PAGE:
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Preview: The Great Brain Robbery

Chinese economic spying is costing U.S. corporations hundreds of billions of dollars and more than two million jobs. It's also a national security risk, says Justice Department

Economic espionage sponsored by the Chinese government is costing U. S. companies hundreds of billions of dollars and more than two million jobs, according to a report from The Commission on the Theft of American Intellectual Property. The spying is also a serious threat to national security, a Justice Department official tells Lesley Stahl, because it saps America of one of its key strengths, innovation. Stahl's report on the theft of trade secrets will be broadcast on 60 Minutes Sunday, Jan. 17 at 8 p.m. ET and 7 p.m. Pt.

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Daniel McGahn
CBS News

"This is a serious threat to our national security," says John Carlin, the assistant attorney general for national security. "Our economy depends on the ability to innovate and if there's a dedicated nation state who's using its intelligence apparatus to steal...what we're trying to develop, that poses a serious threat to our country."

Carlin's responsibilities at the Justice Department include counterterrorism, cyberattacks and increasingly, economic espionage, which he says puts American businesses in an impossible situation. "A private company can't compete with the resources of the second-largest economy in the world," he says of the spying that is often carried out by Chinese government operatives.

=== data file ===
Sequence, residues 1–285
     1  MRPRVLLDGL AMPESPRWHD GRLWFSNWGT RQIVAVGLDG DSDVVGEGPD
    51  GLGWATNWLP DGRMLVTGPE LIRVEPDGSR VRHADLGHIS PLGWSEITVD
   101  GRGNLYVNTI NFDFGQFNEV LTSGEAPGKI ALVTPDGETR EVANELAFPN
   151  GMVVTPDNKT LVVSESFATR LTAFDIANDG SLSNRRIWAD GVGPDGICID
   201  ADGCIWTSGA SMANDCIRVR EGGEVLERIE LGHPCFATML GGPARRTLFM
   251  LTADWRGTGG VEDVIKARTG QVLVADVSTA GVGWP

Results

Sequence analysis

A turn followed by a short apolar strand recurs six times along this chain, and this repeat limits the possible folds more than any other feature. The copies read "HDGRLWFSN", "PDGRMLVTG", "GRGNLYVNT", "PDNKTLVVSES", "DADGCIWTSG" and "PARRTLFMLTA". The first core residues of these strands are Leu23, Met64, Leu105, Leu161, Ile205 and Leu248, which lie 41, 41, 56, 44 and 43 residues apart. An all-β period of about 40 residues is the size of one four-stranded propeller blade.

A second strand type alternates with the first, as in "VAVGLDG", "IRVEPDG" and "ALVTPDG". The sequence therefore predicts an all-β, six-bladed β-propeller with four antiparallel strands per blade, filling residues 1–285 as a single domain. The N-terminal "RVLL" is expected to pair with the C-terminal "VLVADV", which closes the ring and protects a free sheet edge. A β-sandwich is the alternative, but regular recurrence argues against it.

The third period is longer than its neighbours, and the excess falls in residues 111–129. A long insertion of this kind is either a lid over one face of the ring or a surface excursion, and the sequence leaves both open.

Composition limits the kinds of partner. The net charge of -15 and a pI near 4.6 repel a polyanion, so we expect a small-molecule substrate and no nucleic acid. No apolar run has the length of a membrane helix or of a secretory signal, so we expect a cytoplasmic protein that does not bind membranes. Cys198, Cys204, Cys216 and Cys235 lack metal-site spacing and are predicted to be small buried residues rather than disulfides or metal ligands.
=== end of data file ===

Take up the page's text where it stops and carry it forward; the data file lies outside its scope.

Daniel McGahn knows all too well how unfair that fight is. The company he heads, American Superconductor, was partnering with a Chinese company to make controls for wind turbines. McGahn says that company, Sinovel, stole the proprietary computer codes that operated the wind turbines, despite the encryption security his company built into its system.

In the end, Sinovel was able to get past the security by corrupting an American Superconductor employee who traveled to China often. "They offered him women...an apartment...money. They offered him a new life," says McGahn.

Sinovel no longer needed American Superconductor because the company itself now had the software for the control systems. Soon, Sinovel dominated the wind turbine market in China. The theft ultimately cost the Massachusetts company 600 jobs and loss of market value worth "well over a billion dollars," says McGahn. After McGahn sued Sinovel, he says the Chinese then hacked into his computer system to spy on his legal strategy - a common tactic used by the Chinese, says George Kurtz of the cyber security firm CrowdStrike.

McGahn hired CrowdStrike to investigate the hack. It concluded, "with great confidence," that the computer hack was carried out by a Chinese military unit.

Thousands of American companies have been similarly hacked but most are unwilling to talk about them because they still do business in China. Not McGahn. "I am personally never going to give this up. Too many lives were affected...we can never give up on this," he tells Stahl.